Piedad Córdoba to Sue Ecuadorian Politician—DEA Offered Her $10 Million to Testify Against Alex Saab

Former Colombian senator Piedad Córdoba announced that she will sue Ecuadorian politician Fernando Villavicencio, who accused Córdoba of having links with criminal elements. Villavicencio made similar accusations against Venezuelan diploma Alex Saab, as part of the media circus surrounding the ongoing lawfare case and Saab’s pending trial in the US.

Córdoba warned the extreme-right Ecuadorean spokesperson  that she would bring him before the corresponding legal authorities to answer for the unfounded statements against her. “Mr. Villavicencio, you’ve made me angry now,” Córdoba said. “If you were looking for me, you found me.”

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“Mr. Villavicencio, I am telling you now,” added Córdoba, “don’t come around later with conciliations or retractions, because I am not going to accept them. You are miserable, and opportunistic, and you will answer for your actions in court.”

Villavicencio, a member of Ecuador’s parliament, alleged that Córdoba collaborated with Saab in illegal business dealings, echoing Washington’s accusation against Saab, who continues to be illegally detained in the United States awaiting trial.

The relationship between Saab and Córdoba
In an interview with Colombian magazine Semana, Córdoba said that she has no relationship with the Venezuelan diplomat. “I have nothing to do with Mr. Saab,” she said, “that man did not need me at all for anything.”

“That Villavicencio guy should be on alert, because I’m fed up with him,” Córdoba added. “I’m going to denounce him, and I will charge him.”

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Similarly, she explained that Villavicencio’s interest in discrediting her lies in the fact that he is an opponent of former Ecuadorian President Rafael Correa. “He has an obsession,” said Córdoba, evidenced by Villavicencio’s dedication to persecuting the leader of the Citizen’s Revolution and all his relatives, as part of the lawfare campaign against Correa initiated by former Ecuadorean president Lenín Moreno, following Washington dictates.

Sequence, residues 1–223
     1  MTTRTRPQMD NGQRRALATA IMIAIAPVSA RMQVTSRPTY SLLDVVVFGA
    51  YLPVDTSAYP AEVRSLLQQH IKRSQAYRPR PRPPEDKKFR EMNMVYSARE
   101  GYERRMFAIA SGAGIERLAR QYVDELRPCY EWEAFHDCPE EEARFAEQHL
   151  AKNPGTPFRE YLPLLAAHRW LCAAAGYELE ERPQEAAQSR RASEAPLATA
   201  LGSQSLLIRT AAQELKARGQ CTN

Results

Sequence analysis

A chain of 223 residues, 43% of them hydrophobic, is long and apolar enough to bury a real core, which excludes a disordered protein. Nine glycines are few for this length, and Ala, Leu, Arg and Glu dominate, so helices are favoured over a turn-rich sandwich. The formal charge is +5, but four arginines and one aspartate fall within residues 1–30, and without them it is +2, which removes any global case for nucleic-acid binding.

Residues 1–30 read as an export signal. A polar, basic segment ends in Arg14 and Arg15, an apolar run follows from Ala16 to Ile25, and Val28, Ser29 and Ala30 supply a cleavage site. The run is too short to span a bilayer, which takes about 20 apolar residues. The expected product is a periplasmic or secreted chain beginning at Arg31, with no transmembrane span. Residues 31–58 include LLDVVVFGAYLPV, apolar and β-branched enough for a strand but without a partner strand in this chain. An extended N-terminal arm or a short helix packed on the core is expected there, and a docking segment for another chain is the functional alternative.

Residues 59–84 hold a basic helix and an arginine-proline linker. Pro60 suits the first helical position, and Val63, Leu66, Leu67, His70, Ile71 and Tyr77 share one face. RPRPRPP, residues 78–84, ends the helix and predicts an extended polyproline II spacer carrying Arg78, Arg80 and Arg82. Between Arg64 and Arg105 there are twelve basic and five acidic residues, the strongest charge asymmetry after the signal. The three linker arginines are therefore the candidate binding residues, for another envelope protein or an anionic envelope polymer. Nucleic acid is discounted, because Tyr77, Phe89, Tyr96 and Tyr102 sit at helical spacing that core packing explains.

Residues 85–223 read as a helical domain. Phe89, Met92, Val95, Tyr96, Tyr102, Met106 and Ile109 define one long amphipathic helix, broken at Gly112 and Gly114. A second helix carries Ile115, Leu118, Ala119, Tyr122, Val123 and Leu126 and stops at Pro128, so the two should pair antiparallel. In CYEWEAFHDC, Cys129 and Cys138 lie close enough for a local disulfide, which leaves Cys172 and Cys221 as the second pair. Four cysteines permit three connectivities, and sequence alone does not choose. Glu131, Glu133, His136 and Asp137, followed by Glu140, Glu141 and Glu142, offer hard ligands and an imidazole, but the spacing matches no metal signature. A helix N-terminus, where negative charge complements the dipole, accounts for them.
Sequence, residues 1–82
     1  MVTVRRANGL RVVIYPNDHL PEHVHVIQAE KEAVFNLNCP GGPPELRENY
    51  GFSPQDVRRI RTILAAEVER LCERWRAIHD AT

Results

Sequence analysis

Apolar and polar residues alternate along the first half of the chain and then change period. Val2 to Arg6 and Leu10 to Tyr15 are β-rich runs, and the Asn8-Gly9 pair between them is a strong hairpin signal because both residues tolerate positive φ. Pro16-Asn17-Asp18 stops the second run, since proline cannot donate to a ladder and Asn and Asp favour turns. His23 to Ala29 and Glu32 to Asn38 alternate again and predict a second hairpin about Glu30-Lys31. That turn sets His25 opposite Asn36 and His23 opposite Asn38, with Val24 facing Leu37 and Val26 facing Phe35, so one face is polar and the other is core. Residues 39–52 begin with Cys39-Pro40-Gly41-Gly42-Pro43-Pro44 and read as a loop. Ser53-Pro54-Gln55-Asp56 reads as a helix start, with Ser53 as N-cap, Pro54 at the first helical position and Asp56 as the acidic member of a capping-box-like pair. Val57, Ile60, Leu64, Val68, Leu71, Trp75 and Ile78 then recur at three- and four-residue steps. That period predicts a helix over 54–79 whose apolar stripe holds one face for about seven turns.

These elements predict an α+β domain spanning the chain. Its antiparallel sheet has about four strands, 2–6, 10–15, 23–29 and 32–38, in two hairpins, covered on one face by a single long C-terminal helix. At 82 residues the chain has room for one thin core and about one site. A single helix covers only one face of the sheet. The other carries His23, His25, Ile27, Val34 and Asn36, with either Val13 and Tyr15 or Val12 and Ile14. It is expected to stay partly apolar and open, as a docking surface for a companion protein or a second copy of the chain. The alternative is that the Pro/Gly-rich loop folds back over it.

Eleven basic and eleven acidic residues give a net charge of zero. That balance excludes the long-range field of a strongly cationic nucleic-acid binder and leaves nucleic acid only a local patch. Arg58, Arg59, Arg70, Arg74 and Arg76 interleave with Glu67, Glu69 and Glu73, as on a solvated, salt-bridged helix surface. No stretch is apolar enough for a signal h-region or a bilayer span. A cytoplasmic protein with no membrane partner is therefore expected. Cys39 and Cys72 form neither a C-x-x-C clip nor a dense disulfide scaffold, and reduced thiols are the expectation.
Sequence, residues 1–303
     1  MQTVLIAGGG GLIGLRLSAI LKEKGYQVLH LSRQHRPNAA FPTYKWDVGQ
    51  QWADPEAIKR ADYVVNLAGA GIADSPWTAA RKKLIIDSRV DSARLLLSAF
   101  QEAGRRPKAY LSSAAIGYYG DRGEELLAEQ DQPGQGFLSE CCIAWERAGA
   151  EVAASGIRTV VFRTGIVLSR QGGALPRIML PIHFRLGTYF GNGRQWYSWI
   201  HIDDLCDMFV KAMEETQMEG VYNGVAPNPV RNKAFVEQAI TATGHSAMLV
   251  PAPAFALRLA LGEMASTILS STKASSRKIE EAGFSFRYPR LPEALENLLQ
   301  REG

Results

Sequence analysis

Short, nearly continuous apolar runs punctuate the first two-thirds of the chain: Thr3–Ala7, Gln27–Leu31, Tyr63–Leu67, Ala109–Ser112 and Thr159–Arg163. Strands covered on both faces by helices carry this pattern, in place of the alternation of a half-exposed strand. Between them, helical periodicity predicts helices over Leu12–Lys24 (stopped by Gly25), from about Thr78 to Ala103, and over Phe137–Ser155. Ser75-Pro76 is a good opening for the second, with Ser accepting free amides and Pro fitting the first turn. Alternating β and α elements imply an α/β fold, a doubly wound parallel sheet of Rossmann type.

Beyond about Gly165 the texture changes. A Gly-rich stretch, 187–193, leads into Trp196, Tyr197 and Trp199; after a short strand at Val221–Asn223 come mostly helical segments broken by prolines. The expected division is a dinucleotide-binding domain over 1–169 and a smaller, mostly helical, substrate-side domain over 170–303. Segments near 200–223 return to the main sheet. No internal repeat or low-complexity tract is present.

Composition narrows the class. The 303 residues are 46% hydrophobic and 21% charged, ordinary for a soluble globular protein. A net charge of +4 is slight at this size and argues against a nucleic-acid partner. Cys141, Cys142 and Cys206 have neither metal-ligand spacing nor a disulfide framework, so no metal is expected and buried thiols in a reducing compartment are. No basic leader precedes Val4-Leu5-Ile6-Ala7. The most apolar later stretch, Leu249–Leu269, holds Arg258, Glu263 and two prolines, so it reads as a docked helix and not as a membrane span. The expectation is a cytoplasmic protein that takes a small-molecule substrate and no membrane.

Córdoba also said that she was contacted by an official from the United States Drug Enforcement Administration (DEA), who offered her $10 million to testify against Alex Saab and Nicolás Maduro.

“How would I know what Nicolás Maduro is doing?” Córdoba asked. “I am not his mistress, nor the minister of anything.”

Córdoba has been one of the few Colombian politicians who has supported the Bolivarian Revolution for years, frequently speaking up in defense of Hugo Chávez and other Venezuelan politicians who are relentless attacked in Colombia, and now in Ecuador, by vicious and unfounded smear campaigns.


Featured image: Colombian political leader Piedad Córdoba. File photo.

(RedRadioVE) by José Manuel Blanco Díaz

Translation: Orinoco Tribune




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